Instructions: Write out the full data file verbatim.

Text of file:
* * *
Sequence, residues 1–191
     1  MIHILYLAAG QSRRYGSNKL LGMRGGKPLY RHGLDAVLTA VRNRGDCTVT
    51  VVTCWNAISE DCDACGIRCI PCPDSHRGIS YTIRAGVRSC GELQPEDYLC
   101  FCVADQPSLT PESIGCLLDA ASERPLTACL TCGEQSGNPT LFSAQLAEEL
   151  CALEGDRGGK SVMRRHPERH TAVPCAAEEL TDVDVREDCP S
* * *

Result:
Sequence, residues 1–191
     1  MIHILYLAAG QSRRYGSNKL LGMRGGKPLY RHGLDAVLTA VRNRGDCTVT
    51  VVTCWNAISE DCDACGIRCI PCPDSHRGIS YTIRAGVRSC GELQPEDYLC
   101  FCVADQPSLT PESIGCLLDA ASERPLTACL TCGEQSGNPT LFSAQLAEEL
   151  CALEGDRGGK SVMRRHPERH TAVPCAAEEL TDVDVREDCP S